Yasmin Anwar, Media Relations - UC Berkeley’s Phoebe A. Hearst Museum of Anthropology, whose world-class collections range from Egyptian mummy sarcophagi to Peruvian textiles to Native American baskets, has opened a digital portal to expand public access to its collections of more than 3 million objects, photographs, films and sound recordings.
(Left) Liberian helmet mask made from black-stained gum wood (Photo courtesy of Hearst Museum)
Two years in the making, the Hearst Museum Portal will enable researchers and the public at large to go online and examine all of the museum’s cataloged objects and much of the accompanying documentation via a user-friendly interface.
“In line with the Hearst Museum’s vision of serving as a place where cultures connect, we view the portal as contributing to the resources on offer to our stakeholders,” said Hearst Museum Director Benjamin Porter, an associate professor of Near Eastern archaeology.
With an estimated 3.8 million objects, the museum, housed in the campus’s Kroeber Hall, boasts among the nation’s largest anthropological collections.
Michael Black, the museum’s head of research and information, led the project with input from a wide range of stakeholders, including UC Berkeley anthropology students. Staff and volunteers photographed roughly 2,000 items each week at stations with special lighting.
Ashley Jerbic, who majored in art practice and art history, documents Egyptian stone sarcophagus lid. (Photo by Chris Hoffman) Ashley Jerbic, who majored in art practice and art history, documents an Egyptian stone sarcophagus lid. “I definitely wanted to be able to explore the collections visually,” said Alex Perkins, an anthropology major who worked on the project. “There are so many objects with fascinating photographs and being able to easily access those was one of the big things I hoped to see in the new portal.”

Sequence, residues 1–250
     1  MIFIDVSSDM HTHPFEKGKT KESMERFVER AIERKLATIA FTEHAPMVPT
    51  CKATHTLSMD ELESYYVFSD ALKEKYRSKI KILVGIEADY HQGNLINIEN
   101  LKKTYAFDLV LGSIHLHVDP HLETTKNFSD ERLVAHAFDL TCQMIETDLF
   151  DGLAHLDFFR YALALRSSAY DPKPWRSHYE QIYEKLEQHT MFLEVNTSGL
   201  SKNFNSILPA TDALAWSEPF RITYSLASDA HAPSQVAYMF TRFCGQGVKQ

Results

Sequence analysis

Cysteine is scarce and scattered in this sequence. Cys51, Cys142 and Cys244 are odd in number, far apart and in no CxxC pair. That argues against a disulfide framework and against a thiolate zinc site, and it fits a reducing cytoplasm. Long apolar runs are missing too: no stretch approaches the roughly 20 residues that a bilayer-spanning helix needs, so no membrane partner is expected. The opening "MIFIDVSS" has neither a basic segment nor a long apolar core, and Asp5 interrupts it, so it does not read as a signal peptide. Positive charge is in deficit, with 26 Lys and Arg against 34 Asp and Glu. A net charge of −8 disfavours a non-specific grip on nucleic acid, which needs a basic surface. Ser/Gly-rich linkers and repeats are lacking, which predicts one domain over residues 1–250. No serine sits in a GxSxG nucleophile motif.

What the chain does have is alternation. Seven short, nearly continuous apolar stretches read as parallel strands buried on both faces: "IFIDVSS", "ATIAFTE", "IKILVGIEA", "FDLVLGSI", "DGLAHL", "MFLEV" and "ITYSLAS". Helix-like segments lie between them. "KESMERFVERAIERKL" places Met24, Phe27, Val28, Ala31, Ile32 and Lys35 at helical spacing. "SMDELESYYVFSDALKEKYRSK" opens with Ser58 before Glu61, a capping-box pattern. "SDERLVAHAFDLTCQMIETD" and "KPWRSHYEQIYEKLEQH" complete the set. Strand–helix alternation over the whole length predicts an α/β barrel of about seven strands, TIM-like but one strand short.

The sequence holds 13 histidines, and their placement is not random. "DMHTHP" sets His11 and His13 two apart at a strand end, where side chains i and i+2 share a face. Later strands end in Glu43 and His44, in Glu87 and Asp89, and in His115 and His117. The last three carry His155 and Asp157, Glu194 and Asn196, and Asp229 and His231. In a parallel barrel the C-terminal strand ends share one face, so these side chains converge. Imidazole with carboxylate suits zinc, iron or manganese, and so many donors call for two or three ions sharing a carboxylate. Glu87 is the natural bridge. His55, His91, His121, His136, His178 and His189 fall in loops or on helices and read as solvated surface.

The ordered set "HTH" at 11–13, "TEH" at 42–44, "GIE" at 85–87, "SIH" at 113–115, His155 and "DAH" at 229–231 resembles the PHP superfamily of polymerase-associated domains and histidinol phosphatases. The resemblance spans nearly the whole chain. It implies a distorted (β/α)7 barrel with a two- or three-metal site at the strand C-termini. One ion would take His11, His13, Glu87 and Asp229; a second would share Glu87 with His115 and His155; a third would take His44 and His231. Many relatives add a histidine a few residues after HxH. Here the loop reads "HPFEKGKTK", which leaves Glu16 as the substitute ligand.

The Hearst Museum teamed up with UC Berkeley’s Research IT Museum Informatics program to create the portal.
“This is a great example of how technology can be a strategic enabler of our campus mission,” said Jenn Stringer, UC Berkeley’s chief academic technology officer and assistant vice chancellor for teaching and learning.
(Right) Ashley Jerbic, who majored in art practice and art history, documents an Egyptian stone sarcophagus lid.
The portal links directly to the Hearst Museum’s database and can be explored using simple Google-like keyword queries as well as more advanced multifield searches.
In particular, the portal is designed to serve people with cultural connections to societies represented in the Hearst Museum’s collections. They include Native Californian educators, spiritual leaders, repatriation coordinators, tribal government officials and artists, who rank among the most frequent visitors to the museum’s archives and storage facilities.
“We are pleased to serve as a resource for Native California across a variety of research areas, and the portal will greatly expand that access,” said Jordan Jacobs, the Hearst Museum’s head of cultural policy and repatriation.
With guidance from the Hearst Museum’s Native American Advisory Council (NAAC), access to images of human remains, funerary objects and objects known as “charm stones” is restricted as part of a greater effort to collaborate with Native American communities.
For example, people seeking to view images of restricted objects via the portal will need to contact the museum to arrange for permission.
“The museum has listened to our input and we have shaped the policies that will help guide them into the future,” said NAAC vice chairperson Kesner Flores.
Founded in 1901 by philanthropist Phoebe Apperson Hearst, the museum’s collections span the globe and document nearly 2 million years of human development and innovation.
Hearst launched the museum, originally located in San Francisco, with her personal collections of objects, photographs and audio recordings from expeditions to Egypt, Peru, Italy, California and the American Southwest.
Anthropology major Devlin Gandy photographs arrow made by Ishi (Photo by Chris Hoffman)
Source: UC Berkeley